Developing against the Google Analytics Tracking API is a pain. Not only is it a bit of a black box, but the actual statistical output only updates every so often. It isn’t easy, but I love the power it enables.
Long have I wished that someone would create some sort of testing library, either to replace the Analytics script itself, or to sit alongside it and output any interactions with the Analytics server. Until now it hasn’t existed – until now.
I present the Google Analytics Testing script. This bad boy utilises the Firebug script console to output most information you care about going to Google Analytics. Great for AJAXy trackEvent projects or anything else doing more than the rudimentary Analytics set and forget stuff. It works as a Greasemonkey script or you can include it in a script tag anywhere in your HTML. It doesn’t prevent the data itself being sent through to the data, but that is something that may change in a future version of the script.
This script currently relies on the existence of the Google Analytics script, but in the future will exist as a standalone script.
I would love any feedback, bug reports or ideas as to how to make this better and more useful.
Install it now with Greasemonkey or include it in a script tag.
I’ve been doing a fair bit of keyword analysis and so forth here at Easy Weddings and have found that I regularly need to do a search directly from Google Analytics. So I’ve written a quick and dirty greasmonkey script that does just that. This adds a search link to each line of the keywords report. At the moment it is just for one search engine, but using a dropdown would also work.
Grab Greasemonkey and then download Search for Keywords Greasemonkey script.
In the very Macaron flavoured world of the Melbourne Food Blogosphere everyone seems to use blogspot. I don’t usually have much to say about Blogger but more out of pure ignorance than any steadfast knowledge of its technical merits. I wouldn’t recommend anyone to use it, probably opting for the more independent, open-source based WordPress.com for a hosted blogging solution. However one thing I have noticed is the prominence of Google Connect paraphenalia in the sidebar of many of these blogs. These widgets allow me to “follow” each blog, what this means I have no idea as I thought I already was “following” them in my Google Reader account. Surely this has some other functionality other than me giving the blog owner nothing more than a vote of confidence that someone else likes their website.
The other thing that I have noticed recently is the growing prominence of Facebook Connect logins on a number of websites. Each of these things growing is a sign of things to come and I’m sorry FriendFeed but you aren’t involved. The minute one of these 2 systems starts providing me, and my friends (my real not geeky internet type friends) some real value they will go ballistic.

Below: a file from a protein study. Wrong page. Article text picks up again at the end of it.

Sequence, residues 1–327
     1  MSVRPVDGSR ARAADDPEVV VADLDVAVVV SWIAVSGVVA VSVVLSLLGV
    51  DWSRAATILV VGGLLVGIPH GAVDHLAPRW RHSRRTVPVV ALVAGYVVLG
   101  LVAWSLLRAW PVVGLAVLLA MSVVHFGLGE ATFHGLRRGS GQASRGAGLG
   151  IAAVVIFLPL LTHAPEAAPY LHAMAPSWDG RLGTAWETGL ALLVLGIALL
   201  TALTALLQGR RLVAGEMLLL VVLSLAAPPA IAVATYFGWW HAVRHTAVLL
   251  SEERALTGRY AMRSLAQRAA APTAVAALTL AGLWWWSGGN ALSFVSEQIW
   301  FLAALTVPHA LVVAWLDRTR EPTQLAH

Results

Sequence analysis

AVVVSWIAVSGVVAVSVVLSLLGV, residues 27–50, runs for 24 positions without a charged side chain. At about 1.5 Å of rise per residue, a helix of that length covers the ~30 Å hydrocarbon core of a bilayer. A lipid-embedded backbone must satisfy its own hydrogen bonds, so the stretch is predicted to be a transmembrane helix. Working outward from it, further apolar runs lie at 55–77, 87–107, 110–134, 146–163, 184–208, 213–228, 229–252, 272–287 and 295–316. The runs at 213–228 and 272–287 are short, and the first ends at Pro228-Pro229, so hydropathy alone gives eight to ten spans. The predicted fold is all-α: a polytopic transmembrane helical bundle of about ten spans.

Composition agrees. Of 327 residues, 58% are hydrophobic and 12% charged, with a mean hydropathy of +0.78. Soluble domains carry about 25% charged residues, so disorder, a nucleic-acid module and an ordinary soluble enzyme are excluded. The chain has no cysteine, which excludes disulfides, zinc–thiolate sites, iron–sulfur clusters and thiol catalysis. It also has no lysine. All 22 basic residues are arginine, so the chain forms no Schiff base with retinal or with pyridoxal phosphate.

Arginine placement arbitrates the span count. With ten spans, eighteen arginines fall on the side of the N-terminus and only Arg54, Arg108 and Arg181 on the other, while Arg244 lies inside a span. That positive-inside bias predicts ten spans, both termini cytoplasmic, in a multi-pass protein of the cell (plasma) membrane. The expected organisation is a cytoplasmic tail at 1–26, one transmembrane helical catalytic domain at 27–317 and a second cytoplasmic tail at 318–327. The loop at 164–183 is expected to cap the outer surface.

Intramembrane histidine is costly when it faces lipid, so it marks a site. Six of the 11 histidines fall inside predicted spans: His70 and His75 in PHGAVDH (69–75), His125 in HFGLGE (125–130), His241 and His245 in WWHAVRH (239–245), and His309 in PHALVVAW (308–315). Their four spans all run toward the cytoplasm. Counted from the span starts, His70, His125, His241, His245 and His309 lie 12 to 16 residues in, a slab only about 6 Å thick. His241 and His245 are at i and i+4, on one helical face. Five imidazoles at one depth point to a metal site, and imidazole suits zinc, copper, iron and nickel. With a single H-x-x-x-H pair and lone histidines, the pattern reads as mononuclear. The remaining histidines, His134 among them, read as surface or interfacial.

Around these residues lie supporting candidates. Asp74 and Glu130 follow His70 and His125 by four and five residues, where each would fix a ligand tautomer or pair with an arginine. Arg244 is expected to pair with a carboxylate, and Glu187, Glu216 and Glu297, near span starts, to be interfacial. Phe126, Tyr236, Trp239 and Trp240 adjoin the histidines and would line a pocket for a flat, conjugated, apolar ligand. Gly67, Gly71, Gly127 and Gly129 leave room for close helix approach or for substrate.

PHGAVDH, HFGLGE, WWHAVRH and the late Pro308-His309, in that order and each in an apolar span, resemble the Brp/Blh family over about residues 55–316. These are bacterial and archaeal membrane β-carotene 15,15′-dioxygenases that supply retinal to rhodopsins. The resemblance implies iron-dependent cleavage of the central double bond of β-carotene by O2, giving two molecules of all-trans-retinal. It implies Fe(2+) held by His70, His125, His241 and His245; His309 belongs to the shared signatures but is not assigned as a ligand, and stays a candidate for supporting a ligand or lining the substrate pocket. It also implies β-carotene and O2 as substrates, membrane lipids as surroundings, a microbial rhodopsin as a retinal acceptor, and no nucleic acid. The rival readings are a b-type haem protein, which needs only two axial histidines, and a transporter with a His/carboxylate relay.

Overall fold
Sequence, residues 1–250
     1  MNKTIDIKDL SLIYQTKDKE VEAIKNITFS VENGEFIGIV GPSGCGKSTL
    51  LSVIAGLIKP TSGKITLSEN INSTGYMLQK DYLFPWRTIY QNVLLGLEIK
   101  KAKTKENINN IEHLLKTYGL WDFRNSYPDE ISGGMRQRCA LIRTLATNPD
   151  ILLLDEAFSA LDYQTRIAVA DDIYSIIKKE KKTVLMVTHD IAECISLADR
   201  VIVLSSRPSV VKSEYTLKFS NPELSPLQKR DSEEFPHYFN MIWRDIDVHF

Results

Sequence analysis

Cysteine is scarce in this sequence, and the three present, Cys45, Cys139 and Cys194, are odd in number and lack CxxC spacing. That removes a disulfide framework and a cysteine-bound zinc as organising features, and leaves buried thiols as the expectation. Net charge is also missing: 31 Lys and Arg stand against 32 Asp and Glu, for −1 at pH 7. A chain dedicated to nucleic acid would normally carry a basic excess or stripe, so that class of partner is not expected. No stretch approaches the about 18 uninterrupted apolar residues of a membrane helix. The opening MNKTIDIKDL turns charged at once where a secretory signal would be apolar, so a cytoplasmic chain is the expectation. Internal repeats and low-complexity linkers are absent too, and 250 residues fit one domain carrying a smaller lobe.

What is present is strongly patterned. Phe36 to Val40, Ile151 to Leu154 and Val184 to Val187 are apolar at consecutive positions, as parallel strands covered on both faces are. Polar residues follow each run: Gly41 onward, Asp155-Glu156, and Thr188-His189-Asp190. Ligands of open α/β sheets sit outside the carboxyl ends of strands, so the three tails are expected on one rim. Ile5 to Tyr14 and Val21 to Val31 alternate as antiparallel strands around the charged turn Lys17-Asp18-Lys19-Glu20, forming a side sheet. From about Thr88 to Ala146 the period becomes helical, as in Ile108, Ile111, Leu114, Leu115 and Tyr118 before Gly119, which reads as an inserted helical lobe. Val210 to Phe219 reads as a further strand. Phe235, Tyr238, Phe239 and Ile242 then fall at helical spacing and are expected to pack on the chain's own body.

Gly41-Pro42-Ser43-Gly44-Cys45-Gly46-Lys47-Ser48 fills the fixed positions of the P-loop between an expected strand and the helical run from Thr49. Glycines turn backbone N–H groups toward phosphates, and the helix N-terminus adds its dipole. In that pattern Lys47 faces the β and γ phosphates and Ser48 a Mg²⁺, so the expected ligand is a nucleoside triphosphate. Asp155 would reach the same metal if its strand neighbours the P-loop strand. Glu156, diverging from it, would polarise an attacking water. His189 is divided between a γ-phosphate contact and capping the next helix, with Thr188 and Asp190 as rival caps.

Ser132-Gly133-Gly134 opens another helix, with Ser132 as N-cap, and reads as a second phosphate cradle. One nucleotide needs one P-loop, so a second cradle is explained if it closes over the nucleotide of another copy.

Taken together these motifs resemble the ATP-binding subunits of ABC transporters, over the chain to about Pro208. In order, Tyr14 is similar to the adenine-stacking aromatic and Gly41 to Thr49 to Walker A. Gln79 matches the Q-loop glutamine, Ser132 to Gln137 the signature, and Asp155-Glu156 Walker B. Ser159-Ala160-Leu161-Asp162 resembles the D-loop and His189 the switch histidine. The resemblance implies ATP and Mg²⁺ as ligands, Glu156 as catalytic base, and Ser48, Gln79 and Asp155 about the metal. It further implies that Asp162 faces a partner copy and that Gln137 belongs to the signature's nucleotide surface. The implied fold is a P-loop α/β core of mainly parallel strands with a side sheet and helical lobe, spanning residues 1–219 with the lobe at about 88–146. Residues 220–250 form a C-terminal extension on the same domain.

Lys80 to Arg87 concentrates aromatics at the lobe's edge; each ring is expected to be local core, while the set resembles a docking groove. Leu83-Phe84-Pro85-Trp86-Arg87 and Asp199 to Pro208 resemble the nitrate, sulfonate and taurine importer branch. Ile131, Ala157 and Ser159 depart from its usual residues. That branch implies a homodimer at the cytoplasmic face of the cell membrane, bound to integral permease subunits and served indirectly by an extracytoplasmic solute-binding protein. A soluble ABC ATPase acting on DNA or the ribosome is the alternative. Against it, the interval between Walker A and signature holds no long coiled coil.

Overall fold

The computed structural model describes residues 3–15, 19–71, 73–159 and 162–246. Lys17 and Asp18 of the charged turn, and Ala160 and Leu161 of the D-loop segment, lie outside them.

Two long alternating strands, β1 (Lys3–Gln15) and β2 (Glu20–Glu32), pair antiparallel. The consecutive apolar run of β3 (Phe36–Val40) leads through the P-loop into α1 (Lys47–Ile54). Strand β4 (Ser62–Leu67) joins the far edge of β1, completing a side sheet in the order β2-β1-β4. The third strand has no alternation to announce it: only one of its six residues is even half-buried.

Already I’m liking the Twitter/FriendFeed style flow that has been brought to my Facebook page, not the AJAX fueled “Live Status” updates that was there before, but the I refresh the page and there is something new there every time style updates. Old friends I haven’t spoken to in a while have sent me messages, I’ve seen photos I wouldn’t have seen and I’m feeling the love for Facebook again. It’s just a matter of time until I start seeing every website that anyone has performed an action on showing up in there and being able to comment on it.
Likewise I think that is what is missing from Google’s network, a home page, a public profile page, a place where people can come and see that I’ve found a heap of cool new blogs today, found a love of commenting on blogs and generally learnt how to truly waste time in the blogosphere and that doesn’t include the hour I spent on Google Reader this morning.
There is a heap of different technologies at play here, Jabber/XMPP, RSS/Readers, Social Networking, Blogs, Comments, Forums and Status. Saying that tying them together is the next big thing is like closing the gate after the horse has bolted, but I can’t wait until one of these massive companies can tie them all together.
I’ve been working with Google Analytics a fair bit recently, setting up goals and investigating the use of the Events API on a few sites. There isn’t much about Analytics I don’t like, it works as expected and has features you didn’t even know you wanted. I have 2 things I would love to see implemented, first of all, testing of goals. Currently the recommended way of testing if your goal is configured correctly is by using the Top Content report. This works fine, by it is pretty annoying you can’t test this right there on the configure goals page.
Second, I would love to see functionality wherein you could set milestones on the timeline of Google Analytics. This could mark when a new feature was implemented or when a style change was made, this would really let you visualise changes in browsing behaviour and how they relate to site modifications. In my work’s case, we would also be able to show clients really well the results of optimisations we have made. The display should work in a really similar manner as the news articles on Google Finance.